Rivals point to dark conspiracies behind the FTC’s decision. Google was spending tens of millions lobbying the U.S. government; it was unusually cozy with the Obama administration; ex-Googlers worked in the White House. That was technically true. For U.S. regulators, though, the case didn’t fit into contemporary notions of U.S. antitrust law, which seek to protect consumers, not competitors. Users were, in most cases, benefiting from easy access to answers without having to click and visit another website.
“Any negative impact on actual or perceived competitors was incidental to that purpose,” the FTC wrote. That left the EC’s Almunia as the only person standing between Google and total vindication.
Almunia, a pragmatist, wanted to avoid complex litigation that could drag on for years and become irrelevant in the fast-moving technology industry. After losing his bid to be Spain’s prime minister in 2000, Almunia had built a new career in Brussels. His 2010 appointment as competition commissioner gave him the shot at a role he’d long sought on the global stage.
A transatlanticist, Almunia enjoyed relationships with key figures in Washington and Silicon Valley. He loved talking privately to the media. In one disclosure that threatened to undermine his credibility with Google’s opponents, Almunia bragged to the New York Times that he had Schmidt’s personal cell phone number and that the two exchanged text messages.
In 2013, Almunia “market tested” the first two settlement offers, soliciting feedback from the complainants on Google’s fixes. They responded that the new box of links Google offered wasn’t prominent enough, and Almunia’s staff suggested the box be moved to the top of the page. When the complainants protested that rival links were still too easy for users to overlook, Almunia’s staff asked Google to make the links bigger and add the rival company’s logos.
To Google, it was an excruciating ordeal. Executives were certain the terms were being cynically generated by Microsoft and its allies, whose true commercial interest was keeping Google in never-ending regulatory limbo. Within Google, there was a sincere belief that the company wasn’t doing anything wrong.
At last, in early 2014, Almunia met with Schmidt in Davos, inside the gaudy golden egg, to conclude the deal. “No antitrust authority in the world has obtained such concessions,” Almunia boasted at his press conference at the Berlaymont. He declared there was no need to test the settlement with complainants, as he had already done that with the previous two proposals.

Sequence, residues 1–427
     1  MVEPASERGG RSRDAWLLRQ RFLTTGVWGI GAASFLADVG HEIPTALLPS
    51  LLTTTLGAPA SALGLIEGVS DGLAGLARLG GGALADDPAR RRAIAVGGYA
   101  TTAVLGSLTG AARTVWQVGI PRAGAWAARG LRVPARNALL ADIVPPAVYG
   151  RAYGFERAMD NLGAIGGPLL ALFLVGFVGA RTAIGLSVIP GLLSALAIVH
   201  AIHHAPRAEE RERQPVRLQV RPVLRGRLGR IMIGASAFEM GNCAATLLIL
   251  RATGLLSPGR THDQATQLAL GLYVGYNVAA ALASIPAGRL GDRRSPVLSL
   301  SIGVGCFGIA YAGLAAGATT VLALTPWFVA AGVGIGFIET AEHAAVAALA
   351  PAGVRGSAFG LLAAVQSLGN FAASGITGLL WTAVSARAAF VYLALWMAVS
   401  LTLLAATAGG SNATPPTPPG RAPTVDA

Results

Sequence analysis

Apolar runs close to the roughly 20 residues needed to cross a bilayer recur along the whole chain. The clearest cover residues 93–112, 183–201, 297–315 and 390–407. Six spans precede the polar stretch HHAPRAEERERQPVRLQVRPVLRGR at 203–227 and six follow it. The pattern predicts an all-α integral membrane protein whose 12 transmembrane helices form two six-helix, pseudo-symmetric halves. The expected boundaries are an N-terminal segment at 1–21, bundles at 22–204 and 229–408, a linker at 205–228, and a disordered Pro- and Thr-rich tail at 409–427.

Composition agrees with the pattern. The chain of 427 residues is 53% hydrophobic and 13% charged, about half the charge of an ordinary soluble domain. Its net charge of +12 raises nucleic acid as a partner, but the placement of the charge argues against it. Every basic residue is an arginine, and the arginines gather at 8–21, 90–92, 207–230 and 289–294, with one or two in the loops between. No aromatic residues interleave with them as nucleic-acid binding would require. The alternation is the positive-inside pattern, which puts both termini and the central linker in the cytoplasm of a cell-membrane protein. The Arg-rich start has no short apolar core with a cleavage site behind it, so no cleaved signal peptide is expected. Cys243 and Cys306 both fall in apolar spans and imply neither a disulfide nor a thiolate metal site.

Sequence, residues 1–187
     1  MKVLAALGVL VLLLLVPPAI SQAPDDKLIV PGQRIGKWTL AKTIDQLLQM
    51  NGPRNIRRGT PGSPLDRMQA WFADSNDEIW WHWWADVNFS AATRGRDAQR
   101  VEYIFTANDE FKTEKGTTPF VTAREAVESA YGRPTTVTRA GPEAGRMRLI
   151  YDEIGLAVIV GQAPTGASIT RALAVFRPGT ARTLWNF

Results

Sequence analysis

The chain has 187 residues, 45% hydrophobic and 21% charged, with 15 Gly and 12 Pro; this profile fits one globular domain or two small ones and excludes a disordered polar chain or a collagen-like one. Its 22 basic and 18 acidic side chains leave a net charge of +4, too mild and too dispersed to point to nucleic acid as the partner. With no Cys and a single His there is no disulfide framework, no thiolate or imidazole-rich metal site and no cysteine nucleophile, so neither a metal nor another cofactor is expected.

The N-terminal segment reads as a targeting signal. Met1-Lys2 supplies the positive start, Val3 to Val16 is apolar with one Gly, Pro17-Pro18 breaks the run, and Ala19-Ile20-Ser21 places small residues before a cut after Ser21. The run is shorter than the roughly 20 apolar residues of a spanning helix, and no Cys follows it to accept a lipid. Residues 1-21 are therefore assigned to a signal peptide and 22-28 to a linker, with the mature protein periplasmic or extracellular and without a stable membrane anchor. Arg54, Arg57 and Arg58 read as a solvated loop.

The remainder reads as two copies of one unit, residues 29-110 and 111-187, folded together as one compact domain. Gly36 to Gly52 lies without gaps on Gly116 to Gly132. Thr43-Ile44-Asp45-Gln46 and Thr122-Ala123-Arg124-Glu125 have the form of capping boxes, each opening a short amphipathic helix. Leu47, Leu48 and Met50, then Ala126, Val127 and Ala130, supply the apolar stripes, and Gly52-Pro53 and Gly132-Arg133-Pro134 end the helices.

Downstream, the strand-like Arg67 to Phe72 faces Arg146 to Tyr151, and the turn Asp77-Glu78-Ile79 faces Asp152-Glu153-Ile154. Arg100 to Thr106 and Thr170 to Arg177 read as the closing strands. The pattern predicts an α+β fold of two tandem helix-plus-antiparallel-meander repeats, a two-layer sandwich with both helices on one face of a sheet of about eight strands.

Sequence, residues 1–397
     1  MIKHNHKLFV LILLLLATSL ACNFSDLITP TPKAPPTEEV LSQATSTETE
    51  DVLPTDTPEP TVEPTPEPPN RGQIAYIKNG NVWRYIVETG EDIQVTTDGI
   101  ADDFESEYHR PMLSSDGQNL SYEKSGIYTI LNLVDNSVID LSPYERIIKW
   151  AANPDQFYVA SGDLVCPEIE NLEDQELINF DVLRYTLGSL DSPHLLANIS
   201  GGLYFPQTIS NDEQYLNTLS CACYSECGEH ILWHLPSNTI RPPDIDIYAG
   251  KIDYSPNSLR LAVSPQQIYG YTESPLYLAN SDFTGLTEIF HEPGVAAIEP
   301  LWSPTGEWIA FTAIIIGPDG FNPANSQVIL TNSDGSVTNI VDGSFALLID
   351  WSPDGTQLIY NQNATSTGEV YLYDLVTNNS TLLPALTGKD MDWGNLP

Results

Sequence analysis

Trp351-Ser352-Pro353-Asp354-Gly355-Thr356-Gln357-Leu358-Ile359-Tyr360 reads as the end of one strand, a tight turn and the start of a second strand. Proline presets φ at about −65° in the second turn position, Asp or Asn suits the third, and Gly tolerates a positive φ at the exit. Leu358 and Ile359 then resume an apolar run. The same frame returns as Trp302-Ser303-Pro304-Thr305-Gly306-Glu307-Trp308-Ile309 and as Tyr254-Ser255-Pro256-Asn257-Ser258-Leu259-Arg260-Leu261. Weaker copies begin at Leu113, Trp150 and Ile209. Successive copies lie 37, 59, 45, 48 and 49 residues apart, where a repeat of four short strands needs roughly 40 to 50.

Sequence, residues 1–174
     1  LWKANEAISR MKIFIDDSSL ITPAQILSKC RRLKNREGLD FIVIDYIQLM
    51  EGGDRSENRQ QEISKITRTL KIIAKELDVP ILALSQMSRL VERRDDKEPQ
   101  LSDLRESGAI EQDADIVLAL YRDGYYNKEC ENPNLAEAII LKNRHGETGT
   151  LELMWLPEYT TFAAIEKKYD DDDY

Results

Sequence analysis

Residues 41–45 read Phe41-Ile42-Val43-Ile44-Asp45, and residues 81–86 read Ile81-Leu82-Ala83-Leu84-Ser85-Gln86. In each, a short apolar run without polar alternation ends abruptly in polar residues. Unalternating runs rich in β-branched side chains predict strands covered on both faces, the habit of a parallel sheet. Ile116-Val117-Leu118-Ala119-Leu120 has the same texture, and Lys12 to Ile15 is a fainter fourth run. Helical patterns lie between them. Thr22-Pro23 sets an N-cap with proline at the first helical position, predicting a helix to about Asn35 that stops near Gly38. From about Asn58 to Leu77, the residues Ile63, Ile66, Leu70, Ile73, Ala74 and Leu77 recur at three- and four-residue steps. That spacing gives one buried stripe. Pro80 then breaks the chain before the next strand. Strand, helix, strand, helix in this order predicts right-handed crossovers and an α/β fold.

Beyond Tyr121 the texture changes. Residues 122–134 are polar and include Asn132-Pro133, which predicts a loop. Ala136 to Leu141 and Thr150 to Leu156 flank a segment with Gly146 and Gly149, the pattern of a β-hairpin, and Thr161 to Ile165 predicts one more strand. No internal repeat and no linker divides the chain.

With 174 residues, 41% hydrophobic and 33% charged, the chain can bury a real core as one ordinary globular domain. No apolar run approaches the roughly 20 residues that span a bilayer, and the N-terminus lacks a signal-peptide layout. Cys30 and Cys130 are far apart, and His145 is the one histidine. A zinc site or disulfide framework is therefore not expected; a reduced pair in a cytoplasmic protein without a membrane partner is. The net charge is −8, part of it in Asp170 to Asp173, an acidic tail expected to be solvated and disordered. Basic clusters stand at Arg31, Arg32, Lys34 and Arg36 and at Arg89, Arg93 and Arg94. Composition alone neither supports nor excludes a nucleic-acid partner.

The final step was bringing the deal to a vote in the College of Commissioners, a group of 28 political appointees, one for every EU country, with each commissioner in charge of a specific portfolio such as agriculture, justice, or trade. Since they’re not professional regulators, they’re expected to rubber-stamp complex deals made by a member of the group. Before they could, though, a storm erupted over a competitor’s editorial.
In April 2014, Mathias Döpfner, CEO of Axel Springer, wrote an open letter to Schmidt for the Frankfurter Allgemeine Zeitung titled: “Why We Fear Google.” Axel Springer is the largest and most powerful media company in Germany and perhaps all of Europe. It publishes Bild, a tabloid with four times the circulation of the New York Times. Döpfner’s letter is an extraordinary admission of powerlessness by a very powerful man. His concerns ranged from his own, narrow dependence on Google’s traffic to the broader role Google plays in all facets of daily life, liberal society, free expression—and to whether Google will become a “digital supra-state.”
When Google favors its own services, he writes, “It is not even clearly pointed out to the user that these search results are the result of self-advertising. … This is called the abuse of a market-dominating position.” Of the proposed settlement with Almunia, he says: “This is not a compromise,” because of the requirement that Google’s rivals bid in an auction for placement in the new search box. “This is the introduction, sanctioned by an EU authority, of that kind of business practice which in less honorable circles is called extortion.”
Döpfner, 52, is known as a cunning executive. In Germany, the recurring joke is that he would run for political office but doesn’t want to give up his power. Soon after the letter ran, Axel Springer and Lagardere Group, the French media syndicate and owner of the Hachette Livre publishing company, launched a trade organization called the Open Internet Project to oppose the Google deal. At the same time, Deutsche Telekom, the German phone company, filed its own antitrust complaint against Google, becoming one of the first large European companies to join the fight. The case against Google no longer seemed like a conspiracy led by Microsoft. European Big Business didn’t like the settlement either.